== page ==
Parking  |  Tickets  |  Join


The Magic of Phytognomonica

December 2014
ILLUSTRATION: Giambattista della Porta

Giambattista della Porta (c.1535–1615), a remarkable sixteenth-century genius in a century of polymaths, was a scientist, engineer, cryptographer, playwright, and founder of the world's first scientific society. He even dabbled in botany. Why would this friend of Galileo (1564–1642) bother with plants?

The Lenhardt Library at the Chicago Botanic Garden includes in its collection a seventeenth-century edition of Porta's most famous botanical work, Phytognomonica. The Garden's copy was published in Rouen in 1650, 62 years after the first edition appeared in Naples in 1588 (see Figure 1 below). All of Porta's books were widely popular during his lifetime and for a century after his death, appearing in multiple editions, translations, and even pirated volumes. Yet today, Porta—shown at left from the title page of his De humana physiognomonia, published in 1586—is largely unknown to the general public, unlike some of his colleagues and friends like Galileo.


Fig. 1: A portion of the title page of 1650 edition of Phytognomonica

Giambattista certainly sent notice to the European scholarly world of his intellectual capabilities with the publication of his first and most famous book, truly his magnum opus, entitled Magiae naturalis, in 1558. This work was reissued in many editions and translations well into the seventeenth century. You might even find a reprint of an English translation today in an antiquarian bookstore.

Magiae naturalis provides clues into Porta's modus operandi, his approach to a given subject. He proposed that an individual could look at the natural world in two ways, as a magical place ready to be controlled, or as an environment awaiting decipherment and deeper understanding. In one way, Porta approached nature like a puzzle, a challenge to his cryptographic imagination (his skills as a cryptographer were not surpassed for centuries).

Giambattista explained his worldview in Magiae naturalis in this way (an excerpt from a 1669 London edition, found in Marie Boas's classic The Scientific Renaissance 1450–1630, which was published originally in 1962):

"There are two sorts of Magic: the one is infamous, and unhappy, because it hath to do with foul spirits, and consists of Enchantments and wicked Curiosity; and this is called Sorcery ... The other Magic is natural; which all excellent wise men do admit and embrace, and worship with great applause; neither is there any more highly esteemed, or better thought of, by men of learning."

Many have interpreted these remarks as Porta's condemnation of alchemy and "sorcery" and his support for experimental science. However, Porta seemed always on thin ice with the church for his scientific investigations, so such a conclusion may be rash. Porta and the church certainly had different ideas about the boundaries between natural philosophy (science) and the occult.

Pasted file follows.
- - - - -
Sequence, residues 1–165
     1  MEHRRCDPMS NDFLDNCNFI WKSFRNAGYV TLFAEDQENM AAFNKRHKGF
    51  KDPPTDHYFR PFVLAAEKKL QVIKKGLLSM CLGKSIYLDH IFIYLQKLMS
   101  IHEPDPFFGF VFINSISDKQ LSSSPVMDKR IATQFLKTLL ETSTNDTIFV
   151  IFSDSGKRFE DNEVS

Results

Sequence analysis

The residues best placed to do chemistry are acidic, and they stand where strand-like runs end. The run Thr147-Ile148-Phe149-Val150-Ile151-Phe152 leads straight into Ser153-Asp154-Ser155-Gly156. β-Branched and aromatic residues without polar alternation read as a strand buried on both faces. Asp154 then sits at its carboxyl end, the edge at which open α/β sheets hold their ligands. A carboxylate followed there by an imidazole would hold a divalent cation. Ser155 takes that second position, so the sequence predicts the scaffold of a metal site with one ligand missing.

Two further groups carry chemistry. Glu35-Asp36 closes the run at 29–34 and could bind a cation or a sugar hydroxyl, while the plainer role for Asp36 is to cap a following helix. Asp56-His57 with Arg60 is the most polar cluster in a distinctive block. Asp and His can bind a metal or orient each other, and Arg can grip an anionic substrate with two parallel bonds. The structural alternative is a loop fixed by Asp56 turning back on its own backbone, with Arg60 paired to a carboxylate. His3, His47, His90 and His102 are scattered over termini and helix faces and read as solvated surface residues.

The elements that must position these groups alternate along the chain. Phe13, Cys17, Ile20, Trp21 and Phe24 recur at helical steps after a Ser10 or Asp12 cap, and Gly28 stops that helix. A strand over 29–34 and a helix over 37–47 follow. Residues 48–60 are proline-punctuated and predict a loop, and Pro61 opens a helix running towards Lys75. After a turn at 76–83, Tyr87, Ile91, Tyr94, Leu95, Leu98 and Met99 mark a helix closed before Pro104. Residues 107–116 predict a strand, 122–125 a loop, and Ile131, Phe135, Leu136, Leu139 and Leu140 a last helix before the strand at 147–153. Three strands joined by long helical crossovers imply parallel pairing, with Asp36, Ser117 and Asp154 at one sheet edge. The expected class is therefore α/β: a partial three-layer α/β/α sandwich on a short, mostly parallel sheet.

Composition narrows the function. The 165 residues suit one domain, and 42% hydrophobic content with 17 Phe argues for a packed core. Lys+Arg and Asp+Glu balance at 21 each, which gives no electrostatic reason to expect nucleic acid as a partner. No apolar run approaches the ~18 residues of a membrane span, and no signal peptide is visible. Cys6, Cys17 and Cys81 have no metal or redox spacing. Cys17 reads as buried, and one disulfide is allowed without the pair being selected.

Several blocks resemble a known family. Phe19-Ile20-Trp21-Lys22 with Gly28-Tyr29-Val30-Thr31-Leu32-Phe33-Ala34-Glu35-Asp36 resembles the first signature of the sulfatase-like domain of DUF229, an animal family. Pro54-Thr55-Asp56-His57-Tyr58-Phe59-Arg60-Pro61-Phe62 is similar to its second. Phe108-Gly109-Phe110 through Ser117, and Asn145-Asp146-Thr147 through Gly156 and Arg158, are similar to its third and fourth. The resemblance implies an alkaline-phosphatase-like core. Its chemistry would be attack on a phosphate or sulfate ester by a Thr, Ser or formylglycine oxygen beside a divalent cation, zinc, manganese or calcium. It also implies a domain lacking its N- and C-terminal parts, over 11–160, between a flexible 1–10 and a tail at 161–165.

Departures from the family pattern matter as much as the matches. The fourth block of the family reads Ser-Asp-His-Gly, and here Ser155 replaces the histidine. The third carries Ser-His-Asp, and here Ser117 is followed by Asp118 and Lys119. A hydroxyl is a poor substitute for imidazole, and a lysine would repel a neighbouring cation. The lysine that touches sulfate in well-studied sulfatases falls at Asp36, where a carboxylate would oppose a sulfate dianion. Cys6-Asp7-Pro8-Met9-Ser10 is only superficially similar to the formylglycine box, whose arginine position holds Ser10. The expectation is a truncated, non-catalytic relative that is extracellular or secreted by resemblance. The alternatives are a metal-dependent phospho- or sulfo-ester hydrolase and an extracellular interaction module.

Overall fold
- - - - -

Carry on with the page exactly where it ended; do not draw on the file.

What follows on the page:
The church, for example, was concerned about Porta's club, Academia Secretorum Naturae, the first ever society of its kind dedicated to science. It was founded in 1560 in Naples, two years after the initial publication of Magiae naturalis. Pope Gregory XIII (1502–85), reformer and calendar reviser (as in the Gregorian calendar), thought Porta's society tinkered too often in the occult—in spite of Porta's condemnations of black magic in the pages of his most well-known book. Hence, Academia Secretorum Naturae died in 1578, in face of the full wrath of the Inquisition.

Giambattista's secret club became the model for the Accademia dei Lincei, which first appeared in 1603 in Rome. In turn the Accademia dei Lincei eventually inspired the Royal Society in London, established in 1660, and every scientific society ever since. Galileo and Porta were both members of Accademia dei Lincei. They used the symbol of the society, a lynx, in their publications. Indeed the notion of the lynx as a symbol of visual and mental acuity, was adopted from Porta's Magiae naturalis.

For all of Porta's scientific acumen and creativity, he seemed to accept some classical interpretations of nature with little objectivity. That's why I find Phytognomonica so amazing. Why did Porta accept the notion of signatures so readily? Phytognomonica is really a collection of symbolic pseudoscience, with the shapes or physical characteristics of plants as "signals" of its utility to humans. Really, Giambattista?

Nonsense was little tolerated by Porta, and there's plenty of evidence for his lack of patience with medieval silliness. For example, there was a common myth that onions and garlic could affect the performance of magnets, such as those used in compasses. In Magiae naturalis, della Porta noted:

"It is a common Opinion among Sea-men, That Onyons and Garlick are at odds with the Loadstone: and Steersmen, and such as tend the Mariners Card are forbid to eat Onyons and Garlick, lest they make the Index of the Poles drunk. But when I tried these things, I found them to be false: for not onely breathing and belching upon the Loadstone after eating of Garlick, did not stop its vertues: but when it was all anoynted over with the juice of Garlick, it did perform its office as well as if it had never been touched with it."